Thursday, August 15, 2013

News the HP Doesn't Cover: IBM Buys Israeli Security Firm

Another diplomatic and business win for Israel:


Just months after a jumbo buyout of an Israeli start-up by a tech giant, IBM is acquiring Israel-based Trusteer, a maker of security software to protect data from phishing and other malware attacks, in a deal rumored to be worth between $800 million and a cool billion.
Now in the IBM orbit, Trusteer, with R&D in Israel and an office in Boston, will become the nucleus of a new IBM cyber-security research center that the multinational plans to establish here.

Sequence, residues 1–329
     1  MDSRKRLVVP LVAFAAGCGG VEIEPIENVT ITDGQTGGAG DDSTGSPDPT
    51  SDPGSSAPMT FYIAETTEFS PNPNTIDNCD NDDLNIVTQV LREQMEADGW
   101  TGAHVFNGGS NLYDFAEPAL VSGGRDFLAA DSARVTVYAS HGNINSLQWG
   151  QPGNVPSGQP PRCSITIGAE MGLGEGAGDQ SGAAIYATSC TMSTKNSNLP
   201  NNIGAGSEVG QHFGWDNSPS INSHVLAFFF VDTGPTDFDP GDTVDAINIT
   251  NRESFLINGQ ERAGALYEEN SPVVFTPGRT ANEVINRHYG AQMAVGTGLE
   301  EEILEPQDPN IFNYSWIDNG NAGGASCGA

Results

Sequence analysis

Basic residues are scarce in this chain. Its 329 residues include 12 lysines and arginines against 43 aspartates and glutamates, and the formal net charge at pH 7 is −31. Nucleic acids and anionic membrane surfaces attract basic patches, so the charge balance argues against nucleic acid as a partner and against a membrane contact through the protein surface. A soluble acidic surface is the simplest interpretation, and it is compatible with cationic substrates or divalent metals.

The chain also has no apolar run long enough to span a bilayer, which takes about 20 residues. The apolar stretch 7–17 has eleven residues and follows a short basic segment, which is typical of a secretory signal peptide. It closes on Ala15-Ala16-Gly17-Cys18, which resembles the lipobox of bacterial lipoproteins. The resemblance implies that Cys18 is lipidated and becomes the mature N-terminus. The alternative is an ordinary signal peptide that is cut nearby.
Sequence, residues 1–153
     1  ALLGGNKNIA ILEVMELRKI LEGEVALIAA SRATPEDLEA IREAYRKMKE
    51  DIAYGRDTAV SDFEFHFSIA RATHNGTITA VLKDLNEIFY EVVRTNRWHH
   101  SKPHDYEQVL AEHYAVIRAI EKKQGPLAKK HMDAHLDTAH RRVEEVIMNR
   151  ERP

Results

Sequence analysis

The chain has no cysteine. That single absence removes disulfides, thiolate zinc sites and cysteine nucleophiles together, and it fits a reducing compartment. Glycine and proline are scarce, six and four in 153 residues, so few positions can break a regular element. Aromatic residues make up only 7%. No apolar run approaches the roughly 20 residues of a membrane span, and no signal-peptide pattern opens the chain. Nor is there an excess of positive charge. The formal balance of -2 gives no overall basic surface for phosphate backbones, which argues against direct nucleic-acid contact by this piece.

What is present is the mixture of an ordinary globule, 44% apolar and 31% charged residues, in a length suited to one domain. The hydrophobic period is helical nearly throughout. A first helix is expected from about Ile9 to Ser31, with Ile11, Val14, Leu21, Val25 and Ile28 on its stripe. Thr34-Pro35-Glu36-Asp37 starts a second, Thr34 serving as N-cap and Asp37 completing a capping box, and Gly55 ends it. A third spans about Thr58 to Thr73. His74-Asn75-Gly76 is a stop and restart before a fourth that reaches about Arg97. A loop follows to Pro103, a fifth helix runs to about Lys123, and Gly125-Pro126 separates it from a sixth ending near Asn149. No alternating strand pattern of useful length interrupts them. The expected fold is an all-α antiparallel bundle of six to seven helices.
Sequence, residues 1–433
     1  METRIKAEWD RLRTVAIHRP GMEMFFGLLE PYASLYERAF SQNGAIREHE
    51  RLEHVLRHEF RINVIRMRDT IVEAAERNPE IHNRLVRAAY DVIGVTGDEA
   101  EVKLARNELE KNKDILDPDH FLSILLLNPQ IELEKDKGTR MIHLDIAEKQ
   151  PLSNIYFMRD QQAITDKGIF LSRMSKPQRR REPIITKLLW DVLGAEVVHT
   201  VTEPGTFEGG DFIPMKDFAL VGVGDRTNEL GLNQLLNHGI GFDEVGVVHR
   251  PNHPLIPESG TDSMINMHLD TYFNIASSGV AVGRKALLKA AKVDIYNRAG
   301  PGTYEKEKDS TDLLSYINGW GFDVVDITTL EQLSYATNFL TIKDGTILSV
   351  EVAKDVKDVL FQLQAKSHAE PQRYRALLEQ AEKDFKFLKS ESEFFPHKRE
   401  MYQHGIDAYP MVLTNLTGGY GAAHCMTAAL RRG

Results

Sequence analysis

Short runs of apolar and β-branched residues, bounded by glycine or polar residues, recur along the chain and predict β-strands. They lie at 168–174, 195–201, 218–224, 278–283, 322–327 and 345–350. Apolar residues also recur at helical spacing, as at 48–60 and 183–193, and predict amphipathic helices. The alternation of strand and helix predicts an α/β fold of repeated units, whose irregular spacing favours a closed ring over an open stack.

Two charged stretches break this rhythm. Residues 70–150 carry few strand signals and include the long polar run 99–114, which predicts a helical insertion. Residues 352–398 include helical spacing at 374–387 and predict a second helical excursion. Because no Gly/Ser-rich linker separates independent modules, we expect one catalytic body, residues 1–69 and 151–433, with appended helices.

Trusteer was established in 2006 and has about 300 employees, and is one of the largest security firms working in the online banking space. Among its customers are institutions like Bank of America, Société Générale, INGDirect, HSBC, NatWest, The Royal Bank of Scotland, and more.
The company’s Rapport software prevents malefactors from taking over bank accounts and stealing information. It casts a wide net to detect malware threats and ensure that they are banned from client systems, and by enhancing identification of users interacting with a website using advanced device “fingerprinting,” which evaluates tens of thousands of small details to determine whether a device or user making a request for information is legit or phony.
These are areas that have long interested IBM, which has a very active presence in Israel with five large R&D facilities here, employing over 1,000 people.

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